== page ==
No. 10.
Mr. Orth to Mr. Fish.

No. 109.]

Sir: In my No. 93, of date January 21, 1876, I advised you of the passage in the upper house of the Reichsrath, with slight amendment, (the same having previously passed the lower house,) of the bill regulating and restraining religious institutions.

These amendments received the subsequent approval of the lower house, and the bill is now, and ever since its passage by both houses has been, in the hands of the ministry awaiting their recommendation for approval by His Majesty the Emperor.

As stated in my No. 93, this measure, during its pendency in the upper house, encountered the united opposition of the spiritual peers, who doubtless represented not only their views but also that of the body of the ultramontane clergy, who oppose, step by step, every innovation upon or change of their established notions or customs.

Pending this bill a most vigorous protest against it has been issued, signed by Cardinal Schwarzenberg and thirty-one archbishops and bishops and ecclesiastics. Presuming that the views thus expressed would be of interest to you in connection with this reformatory movement, I herewith send a copy of the original protest, as published in the New Free Press, with translation thereof.

The final action has not yet been taken by the ministry, but it is understood that a majority favor the measure and that the bill as it passed the Reichsrath will receive imperial approval.

I have, &c.,


Declaration of the Austrian archbishops and bishops relative to the draft of the law affecting monastic society as debated in the Reichsrath.

Already, in the year 1874, the Austrian archbishops and bishops assembled in Vienna found themselves placed in the sad necessity of bringing complaint against a proposition [Page 13] of the government relating to the legal relations of the monastic societies that the intended law openly, and in a special manner, carried upon its front the mark of distrust, of arbitrariness, and of severity. In accord with the judgment of the Sacred Chair, which rightly recognized the destructive and hostile character of the law, they have proved in its several enactments how greatly thereby the rights of the church, the freedom of Catholic conscience, and the security of an honestly-obtained property are imperiled.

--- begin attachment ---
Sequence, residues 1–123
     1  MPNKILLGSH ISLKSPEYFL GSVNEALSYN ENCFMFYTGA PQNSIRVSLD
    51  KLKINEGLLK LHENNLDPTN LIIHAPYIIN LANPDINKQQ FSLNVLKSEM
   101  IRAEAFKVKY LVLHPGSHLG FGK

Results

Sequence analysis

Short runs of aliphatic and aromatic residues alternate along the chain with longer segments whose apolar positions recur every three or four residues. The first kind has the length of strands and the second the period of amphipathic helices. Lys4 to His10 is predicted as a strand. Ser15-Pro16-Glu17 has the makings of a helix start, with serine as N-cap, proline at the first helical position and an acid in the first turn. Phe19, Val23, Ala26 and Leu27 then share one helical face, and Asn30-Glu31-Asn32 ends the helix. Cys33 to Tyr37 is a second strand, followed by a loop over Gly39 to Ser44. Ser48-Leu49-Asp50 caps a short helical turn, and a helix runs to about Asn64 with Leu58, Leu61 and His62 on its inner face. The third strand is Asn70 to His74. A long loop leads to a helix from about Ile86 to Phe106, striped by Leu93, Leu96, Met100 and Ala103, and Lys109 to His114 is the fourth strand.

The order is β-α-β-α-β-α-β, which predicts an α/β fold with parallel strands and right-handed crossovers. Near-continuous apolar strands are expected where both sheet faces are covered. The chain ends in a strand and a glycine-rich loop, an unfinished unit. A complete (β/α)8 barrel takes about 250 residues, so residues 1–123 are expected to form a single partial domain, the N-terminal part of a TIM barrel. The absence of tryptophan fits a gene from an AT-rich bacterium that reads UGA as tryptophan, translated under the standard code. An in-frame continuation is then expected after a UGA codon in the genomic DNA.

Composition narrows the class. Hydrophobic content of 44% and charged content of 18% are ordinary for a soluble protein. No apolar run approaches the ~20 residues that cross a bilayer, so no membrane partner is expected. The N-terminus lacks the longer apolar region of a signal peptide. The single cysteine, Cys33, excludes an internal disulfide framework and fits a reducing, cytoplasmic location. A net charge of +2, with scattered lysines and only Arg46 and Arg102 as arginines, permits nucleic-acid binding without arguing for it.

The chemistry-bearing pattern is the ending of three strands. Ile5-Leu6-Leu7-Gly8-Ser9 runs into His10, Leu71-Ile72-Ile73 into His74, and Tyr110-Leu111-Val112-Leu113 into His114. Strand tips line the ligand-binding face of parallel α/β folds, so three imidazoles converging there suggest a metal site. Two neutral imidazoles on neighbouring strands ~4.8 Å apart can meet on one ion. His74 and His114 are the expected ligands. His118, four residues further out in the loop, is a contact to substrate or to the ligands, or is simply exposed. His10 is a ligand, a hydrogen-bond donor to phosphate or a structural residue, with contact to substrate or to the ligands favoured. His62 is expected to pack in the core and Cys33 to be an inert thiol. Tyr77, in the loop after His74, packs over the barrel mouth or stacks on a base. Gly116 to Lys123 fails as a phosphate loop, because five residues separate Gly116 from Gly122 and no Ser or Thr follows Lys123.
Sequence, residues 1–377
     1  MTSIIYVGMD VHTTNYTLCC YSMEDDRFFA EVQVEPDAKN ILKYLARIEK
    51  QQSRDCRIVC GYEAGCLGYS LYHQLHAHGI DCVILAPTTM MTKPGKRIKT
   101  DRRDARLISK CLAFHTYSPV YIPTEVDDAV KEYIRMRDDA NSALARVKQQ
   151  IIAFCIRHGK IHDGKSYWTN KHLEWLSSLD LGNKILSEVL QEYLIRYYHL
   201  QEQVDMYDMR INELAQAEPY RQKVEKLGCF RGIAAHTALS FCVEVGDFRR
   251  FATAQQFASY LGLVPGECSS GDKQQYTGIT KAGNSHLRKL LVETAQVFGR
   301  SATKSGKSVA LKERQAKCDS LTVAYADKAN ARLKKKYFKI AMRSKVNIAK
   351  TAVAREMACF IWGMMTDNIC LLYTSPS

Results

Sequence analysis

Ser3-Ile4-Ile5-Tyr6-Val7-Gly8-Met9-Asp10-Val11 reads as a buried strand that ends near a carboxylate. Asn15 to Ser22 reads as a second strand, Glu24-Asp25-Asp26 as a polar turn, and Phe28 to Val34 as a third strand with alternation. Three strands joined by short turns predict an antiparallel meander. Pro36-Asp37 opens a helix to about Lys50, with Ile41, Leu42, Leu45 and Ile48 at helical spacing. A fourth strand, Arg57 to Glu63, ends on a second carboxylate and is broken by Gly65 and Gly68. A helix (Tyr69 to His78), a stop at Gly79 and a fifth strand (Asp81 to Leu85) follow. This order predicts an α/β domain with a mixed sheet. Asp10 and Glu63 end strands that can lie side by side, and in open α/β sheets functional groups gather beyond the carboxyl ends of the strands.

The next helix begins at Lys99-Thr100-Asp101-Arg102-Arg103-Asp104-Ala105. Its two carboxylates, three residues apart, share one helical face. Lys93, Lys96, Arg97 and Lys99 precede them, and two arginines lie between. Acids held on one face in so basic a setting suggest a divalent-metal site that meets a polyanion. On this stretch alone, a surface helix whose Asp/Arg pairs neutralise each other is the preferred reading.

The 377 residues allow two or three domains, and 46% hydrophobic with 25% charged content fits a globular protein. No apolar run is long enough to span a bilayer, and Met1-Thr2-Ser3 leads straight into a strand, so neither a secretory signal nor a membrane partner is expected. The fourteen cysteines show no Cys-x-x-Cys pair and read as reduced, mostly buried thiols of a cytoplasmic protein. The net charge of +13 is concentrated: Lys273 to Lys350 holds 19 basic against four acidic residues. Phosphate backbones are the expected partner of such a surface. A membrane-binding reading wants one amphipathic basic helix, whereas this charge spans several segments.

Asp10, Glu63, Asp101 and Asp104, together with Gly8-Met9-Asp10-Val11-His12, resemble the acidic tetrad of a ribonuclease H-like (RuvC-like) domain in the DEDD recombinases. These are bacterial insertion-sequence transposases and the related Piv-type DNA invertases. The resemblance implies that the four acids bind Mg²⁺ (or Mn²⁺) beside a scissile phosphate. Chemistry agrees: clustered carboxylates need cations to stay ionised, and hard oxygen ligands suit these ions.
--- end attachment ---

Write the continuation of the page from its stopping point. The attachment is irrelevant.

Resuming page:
After the governmental draft of law was not put aside, as was to have been hoped, but, on the contrary, was submitted to discussion in both bodies of the representation of the empire, and hereby received many disadvantageous alterations, being rendered even more severe than before, the undersigned deem themselves called upon by their high ecclesiastical position again to oppose the present draft of law as well as the unjustifiable attacks which hereby have been raised against the orders of the Catholic Church generally, and against the monasteries in Austria especially, and to defend these ecclesiastical institutions against the suspicions contained also in the projected law.

* * * * * * *

The undersigned bishops therefore entertain the assured hope that a law so composed under such ruinous operation will not be passed. Should they, however, find themselves disappointed in this confident expectation, so must they from a sense of duty protest against a law which is intended to do harm to an instruction in accordance with that of Jesus Christ and a form of Christian life approved by the Church and tending to the salvation of souls, a law which equally violates the equality and personal freedom of the citizen, the dignity of religion, the honor of the Catholic Church, and the members of religious orders. And especially must they protest against the insinuation that the Catholic Church could ever institute or approve a religious order whose vocation and operation would deserve those distrustful, suspicious measures which are expressed in the present draft of law.